April 6, 2018
The court held that, "Although a person's right of publicity is protected under New York law, it is a very significant right, it must fall to a constitutionally protected right of freedom of speech. This includes nonverbal expression that covers works of art such a sculptures." The court went on to state that the statute did not apply to "plaintiff's actual or intended acts," that "an artist may make a work of art that includes a recognizable likeness of a person without her or his written consent and sell at least a limited number of copies thereof without violating his or her right of publicity in New York."
Twoyears ago in Ohio, Tiger Woods tried to stop an artist from selling prints depicting his playing at the Masters. Woods brought a claim based on trademark law and his right of publicity. The judge in this Federal court action first found that Tiger Woods had not established his likeness as a trademark. The law set out several criteria for the establishment of the trademark, and Tiger Woods did not satisfy them. Simply being well known and recognizable does not in and of itself create a trademark in one's likeness. The court found that even though Tiger Woods had a legitimate trademark in his name, that did not translate into the use of his likeness as a trademark.
After dismissing the trademark claim, the court turned its attention to Tiger Woods' right of publicity claim. The court cited Supreme Court cases, which held to write a publicity right is limited under certain circumstances by the First Amendment. The artist argued his prints are protected by the First Amendment because they are works of art and did not constitute commercial speech. Rather, the work expresses, "the majesty of a newsworthy moment" (Tiger Woods playing at the Masters). The claim made by Tiger Woods was that the prints were "merely sports merchandise" and, therefore, not entitled to First Amendment protection. In regard to this argument, the court found the images conveyed a message and differed from a poster that merely replicated an existing photograph. The court went on to hold that paintings and drawings are protected by the First Amendment as are limited-edition prints made by the artist in this circumstance (the edition size was 5,000 prints). It also alluded to protection for photographs and sculptures. The artist prevailed and was allowed to continue selling his prints.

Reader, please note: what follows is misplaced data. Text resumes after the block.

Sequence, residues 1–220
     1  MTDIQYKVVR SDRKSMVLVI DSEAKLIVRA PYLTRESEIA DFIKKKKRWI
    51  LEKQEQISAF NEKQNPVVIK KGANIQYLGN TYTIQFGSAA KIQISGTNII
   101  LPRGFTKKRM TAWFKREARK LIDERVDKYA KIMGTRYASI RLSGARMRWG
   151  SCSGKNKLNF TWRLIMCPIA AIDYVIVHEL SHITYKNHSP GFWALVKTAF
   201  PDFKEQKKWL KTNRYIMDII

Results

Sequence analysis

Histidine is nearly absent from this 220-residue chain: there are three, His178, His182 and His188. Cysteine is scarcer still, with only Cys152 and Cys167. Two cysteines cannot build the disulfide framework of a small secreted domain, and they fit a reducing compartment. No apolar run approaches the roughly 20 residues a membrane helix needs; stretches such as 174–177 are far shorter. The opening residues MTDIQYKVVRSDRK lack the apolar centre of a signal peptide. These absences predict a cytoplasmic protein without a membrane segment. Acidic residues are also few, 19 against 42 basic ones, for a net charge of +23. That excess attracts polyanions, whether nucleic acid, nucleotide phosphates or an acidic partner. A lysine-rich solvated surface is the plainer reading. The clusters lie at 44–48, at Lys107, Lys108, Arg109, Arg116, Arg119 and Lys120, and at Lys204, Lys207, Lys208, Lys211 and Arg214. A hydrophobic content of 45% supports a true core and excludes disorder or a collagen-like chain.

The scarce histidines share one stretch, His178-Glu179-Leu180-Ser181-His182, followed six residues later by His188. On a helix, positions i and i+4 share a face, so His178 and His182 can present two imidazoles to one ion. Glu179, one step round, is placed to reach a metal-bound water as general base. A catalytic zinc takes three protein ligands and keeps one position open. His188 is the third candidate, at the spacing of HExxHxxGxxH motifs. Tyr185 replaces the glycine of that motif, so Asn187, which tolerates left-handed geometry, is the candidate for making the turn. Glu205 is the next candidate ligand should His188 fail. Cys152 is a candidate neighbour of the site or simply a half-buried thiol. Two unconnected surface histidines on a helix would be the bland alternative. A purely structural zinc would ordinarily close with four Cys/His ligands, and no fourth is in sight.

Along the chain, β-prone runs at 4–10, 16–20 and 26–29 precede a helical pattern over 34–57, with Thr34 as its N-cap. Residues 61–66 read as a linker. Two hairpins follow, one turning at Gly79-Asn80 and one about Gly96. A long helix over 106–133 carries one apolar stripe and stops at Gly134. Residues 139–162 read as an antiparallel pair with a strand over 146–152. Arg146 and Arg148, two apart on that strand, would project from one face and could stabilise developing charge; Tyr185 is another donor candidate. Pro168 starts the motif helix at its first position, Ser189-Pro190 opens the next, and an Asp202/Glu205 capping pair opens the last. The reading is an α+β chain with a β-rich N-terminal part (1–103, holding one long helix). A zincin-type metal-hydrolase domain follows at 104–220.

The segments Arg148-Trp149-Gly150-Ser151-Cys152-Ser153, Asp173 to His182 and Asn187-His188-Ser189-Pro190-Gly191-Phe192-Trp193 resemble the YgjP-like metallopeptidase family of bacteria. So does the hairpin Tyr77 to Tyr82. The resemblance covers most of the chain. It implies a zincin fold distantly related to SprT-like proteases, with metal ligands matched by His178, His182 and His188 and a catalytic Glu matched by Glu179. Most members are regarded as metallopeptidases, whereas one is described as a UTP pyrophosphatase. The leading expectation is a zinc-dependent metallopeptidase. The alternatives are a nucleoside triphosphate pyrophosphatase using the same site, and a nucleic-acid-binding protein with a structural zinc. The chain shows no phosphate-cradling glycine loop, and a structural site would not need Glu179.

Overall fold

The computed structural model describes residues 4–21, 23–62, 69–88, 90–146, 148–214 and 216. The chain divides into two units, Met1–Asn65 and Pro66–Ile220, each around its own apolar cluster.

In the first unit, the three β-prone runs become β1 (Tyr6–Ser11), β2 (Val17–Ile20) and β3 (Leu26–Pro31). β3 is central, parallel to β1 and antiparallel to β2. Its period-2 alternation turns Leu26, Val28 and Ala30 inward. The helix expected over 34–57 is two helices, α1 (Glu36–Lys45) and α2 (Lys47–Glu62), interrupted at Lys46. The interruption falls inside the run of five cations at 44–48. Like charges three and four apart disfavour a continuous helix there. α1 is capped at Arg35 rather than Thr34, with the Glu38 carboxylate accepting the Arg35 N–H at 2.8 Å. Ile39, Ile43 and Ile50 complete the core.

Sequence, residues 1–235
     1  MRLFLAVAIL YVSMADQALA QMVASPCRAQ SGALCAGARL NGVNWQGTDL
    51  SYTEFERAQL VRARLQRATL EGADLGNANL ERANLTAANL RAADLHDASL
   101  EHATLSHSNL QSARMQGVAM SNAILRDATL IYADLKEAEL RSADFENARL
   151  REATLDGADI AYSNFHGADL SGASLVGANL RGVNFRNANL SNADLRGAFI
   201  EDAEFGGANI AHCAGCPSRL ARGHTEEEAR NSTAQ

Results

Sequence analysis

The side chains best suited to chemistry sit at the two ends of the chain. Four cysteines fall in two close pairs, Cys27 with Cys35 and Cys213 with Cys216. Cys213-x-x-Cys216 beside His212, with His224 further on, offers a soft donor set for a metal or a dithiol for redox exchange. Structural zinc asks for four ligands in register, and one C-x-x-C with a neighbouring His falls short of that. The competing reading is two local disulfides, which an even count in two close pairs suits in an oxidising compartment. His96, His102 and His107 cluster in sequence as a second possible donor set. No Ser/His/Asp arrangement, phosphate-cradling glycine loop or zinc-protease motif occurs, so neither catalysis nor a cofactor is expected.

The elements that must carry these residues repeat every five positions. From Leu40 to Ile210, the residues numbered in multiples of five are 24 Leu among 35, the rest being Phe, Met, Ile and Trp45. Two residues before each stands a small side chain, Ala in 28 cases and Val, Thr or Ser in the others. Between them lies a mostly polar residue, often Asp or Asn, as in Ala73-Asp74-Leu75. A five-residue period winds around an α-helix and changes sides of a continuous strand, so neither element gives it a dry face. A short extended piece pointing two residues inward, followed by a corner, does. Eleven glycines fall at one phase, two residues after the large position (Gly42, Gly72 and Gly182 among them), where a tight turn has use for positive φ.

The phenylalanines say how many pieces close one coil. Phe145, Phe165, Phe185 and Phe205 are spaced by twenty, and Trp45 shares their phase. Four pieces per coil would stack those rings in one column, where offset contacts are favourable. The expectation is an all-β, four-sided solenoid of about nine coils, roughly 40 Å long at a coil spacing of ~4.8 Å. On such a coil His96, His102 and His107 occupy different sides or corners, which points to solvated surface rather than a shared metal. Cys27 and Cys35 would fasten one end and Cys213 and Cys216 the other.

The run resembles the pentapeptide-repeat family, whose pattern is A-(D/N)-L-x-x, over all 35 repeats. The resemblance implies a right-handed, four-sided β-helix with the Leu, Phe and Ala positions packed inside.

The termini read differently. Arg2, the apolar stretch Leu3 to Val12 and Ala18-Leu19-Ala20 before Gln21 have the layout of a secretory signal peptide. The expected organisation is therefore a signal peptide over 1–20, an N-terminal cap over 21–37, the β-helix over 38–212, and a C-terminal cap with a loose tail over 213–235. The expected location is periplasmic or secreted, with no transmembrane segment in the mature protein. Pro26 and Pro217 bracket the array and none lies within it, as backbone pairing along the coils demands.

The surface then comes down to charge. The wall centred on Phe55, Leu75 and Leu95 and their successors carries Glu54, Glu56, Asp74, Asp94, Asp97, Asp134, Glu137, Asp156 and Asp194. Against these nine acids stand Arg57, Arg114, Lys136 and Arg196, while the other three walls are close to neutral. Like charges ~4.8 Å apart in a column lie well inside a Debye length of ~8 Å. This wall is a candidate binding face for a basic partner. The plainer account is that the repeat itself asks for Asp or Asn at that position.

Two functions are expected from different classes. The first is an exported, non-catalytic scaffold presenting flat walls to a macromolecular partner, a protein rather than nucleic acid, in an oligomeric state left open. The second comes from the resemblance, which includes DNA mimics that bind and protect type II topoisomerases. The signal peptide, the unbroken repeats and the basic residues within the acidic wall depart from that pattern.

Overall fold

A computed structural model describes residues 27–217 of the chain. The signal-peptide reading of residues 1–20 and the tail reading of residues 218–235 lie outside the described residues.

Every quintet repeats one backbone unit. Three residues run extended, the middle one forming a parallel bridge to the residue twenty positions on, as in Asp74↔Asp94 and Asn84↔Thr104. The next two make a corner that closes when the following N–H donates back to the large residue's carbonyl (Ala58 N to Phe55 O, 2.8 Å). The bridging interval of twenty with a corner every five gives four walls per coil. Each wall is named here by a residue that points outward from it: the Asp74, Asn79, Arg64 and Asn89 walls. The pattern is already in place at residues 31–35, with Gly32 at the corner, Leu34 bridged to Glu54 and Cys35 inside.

The Three Stooges
Fast forward to California and spring 2001. This time, an artist created a charcoal drawing of the Three Stooges and sold it as lithographs and on T-shirts. The likenesses of the Three Stooges were extremely realistic. The owner of the rights in the Three Stooges likeness sued under California law, which prevents the unauthorized use of the deceased person's likeness "on or in products, merchandise, goods or for the purposes of advertising, selling, or soliciting purchasers of product merchandise, goods, or services." The artist argued, the statute did not apply since the lithographs and T-shirts, which embodied the image, did not constitute an endorsement or sponsorship of a product. The artist also made First Amendment claims.
While the court found these claims had merit, in this instance, the court did not agree with the artist. The court adopted a version of the copyright law's fair use test and found the image was not sufficiently transformative to enjoy the First Amendment protection based on a fair use analysis. What is important for artists about this case is that the court carved out a critical exception to the right of publicity for artwork. It held that if the celebrity's likeness is just "raw material" for an original art work and it is the artistic expression that is the artwork's dominant attribute, then the artist's First Amendment rights will trump the celebrity's right of publicity. The court used Andy Warhol's portraits as an example of the type of art where the artist's contribution was paramount and the artist's rights would supersede the celebrity's right of publicity.
These three cases show a trend in which courts are finding First Amendment protection for artists when they are using the celebrities' images in certain artwork. However, no artist should take these cases as an invitation for the carte blanche exploitation of a celebrity's likeness without permission. That said, instant capitulation in the face of a cease-and-desist letter also may not be appropriate. These cases provide a need for a close analysis as to whether or not the celebrities' permissions are needed in regard to the exploitation of their images in art-related projects. The review must be done on a case-by-case basis.
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